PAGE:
David Switzer of Long Branch shares comments regarding Lakeview Waterfront Connection Project Environmental Assessment

With regard to a previous blog post regarding ‘Beach’ plans for the Lakeview – and Long Branch – side of Marie Curtis Park, I’ve asked David Switzer of Long Branch for permission to share comments he has shared with me by email.

He said: “Yes you can publish my comments as long as you include that these observations invite correction or alternate viewpoint.”

Keeping in mind the above-noted proviso, I’m pleased to share with you the following comments from David Switzer:

Thanks for the information on the “Connection” project. I too was unable to attend the meeting. After looking over the plan I certainly wished I had. I am very hopeful that the project is a success. More wetland and natural area is highly desirable. The only really negative i have is the cobbled beech. See last item.

The following are my understandings or opinions and questions.

The original plan to naturalized Marie Curtis and move the park onto the Arsenal Lands was supposedly killed because Toronto would not provide their share of the funding. With Mississauga now expanding the project into Marie Curtis park which is all part of Toronto will this be a problem again especially with the more expensive alternative?

The project is called “Connection” because it was to satisfy (or take advantage of) the request by the people of Mississauga that in the development of the OPG [Ontario Power Generation] lands that a water front trail be created to connect to Marie Curtis Park. The OPG lands project will take longer to develop than the “Connection” project but Mississauga is using the Connection project to find a place for the fill from their water pipe project so they need to proceed now. That’s why the alternative trail path at the bottom of the proposed plan to the west end of the project.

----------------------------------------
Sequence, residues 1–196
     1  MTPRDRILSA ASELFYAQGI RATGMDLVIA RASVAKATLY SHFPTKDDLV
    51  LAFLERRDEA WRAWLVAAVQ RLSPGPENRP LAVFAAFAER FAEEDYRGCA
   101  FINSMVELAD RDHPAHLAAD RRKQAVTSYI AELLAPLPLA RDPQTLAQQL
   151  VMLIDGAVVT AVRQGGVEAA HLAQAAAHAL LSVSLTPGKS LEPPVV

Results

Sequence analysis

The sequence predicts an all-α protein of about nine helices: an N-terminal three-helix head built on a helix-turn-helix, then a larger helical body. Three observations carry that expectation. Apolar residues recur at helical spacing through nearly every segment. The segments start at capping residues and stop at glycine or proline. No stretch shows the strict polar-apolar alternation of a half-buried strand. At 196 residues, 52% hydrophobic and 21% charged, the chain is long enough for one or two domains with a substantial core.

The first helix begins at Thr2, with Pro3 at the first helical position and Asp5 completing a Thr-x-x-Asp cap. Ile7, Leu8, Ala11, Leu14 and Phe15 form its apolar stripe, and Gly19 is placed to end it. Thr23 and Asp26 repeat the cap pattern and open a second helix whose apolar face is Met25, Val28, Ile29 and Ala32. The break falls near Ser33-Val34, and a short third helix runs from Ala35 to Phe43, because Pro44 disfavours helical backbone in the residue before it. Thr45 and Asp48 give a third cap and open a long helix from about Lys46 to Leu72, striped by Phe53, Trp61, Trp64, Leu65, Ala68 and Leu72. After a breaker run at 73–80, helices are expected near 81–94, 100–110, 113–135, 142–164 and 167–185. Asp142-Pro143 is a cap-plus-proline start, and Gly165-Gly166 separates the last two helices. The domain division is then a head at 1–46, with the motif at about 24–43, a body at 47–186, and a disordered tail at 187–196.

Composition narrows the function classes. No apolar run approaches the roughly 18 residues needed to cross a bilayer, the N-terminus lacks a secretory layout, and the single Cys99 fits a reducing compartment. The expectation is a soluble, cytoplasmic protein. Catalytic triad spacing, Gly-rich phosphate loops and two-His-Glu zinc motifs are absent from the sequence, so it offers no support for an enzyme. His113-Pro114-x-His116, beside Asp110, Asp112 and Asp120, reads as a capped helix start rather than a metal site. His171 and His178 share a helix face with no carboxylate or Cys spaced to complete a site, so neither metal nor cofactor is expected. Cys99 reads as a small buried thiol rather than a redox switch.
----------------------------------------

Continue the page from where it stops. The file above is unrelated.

I love the islands, I gather they will control wave action and create fish habitat. They would also provide a safer canoe or kayak water course.

The expansion of the meadow in the west end of Marie Curtis Park would be positive but I don’t understand the cobbled beach. The need for cobbling seems to be to control erosion from wave action. If so, why does the erosion not occurred now? As I understand it, Marie Curtis beach is the last “natural” beach in the GTA. That is, it is a dynamic beach that continually recycles its sand.

Note: the edging with “boulders” appear to the be at the west end in the area identified and “revetment”.


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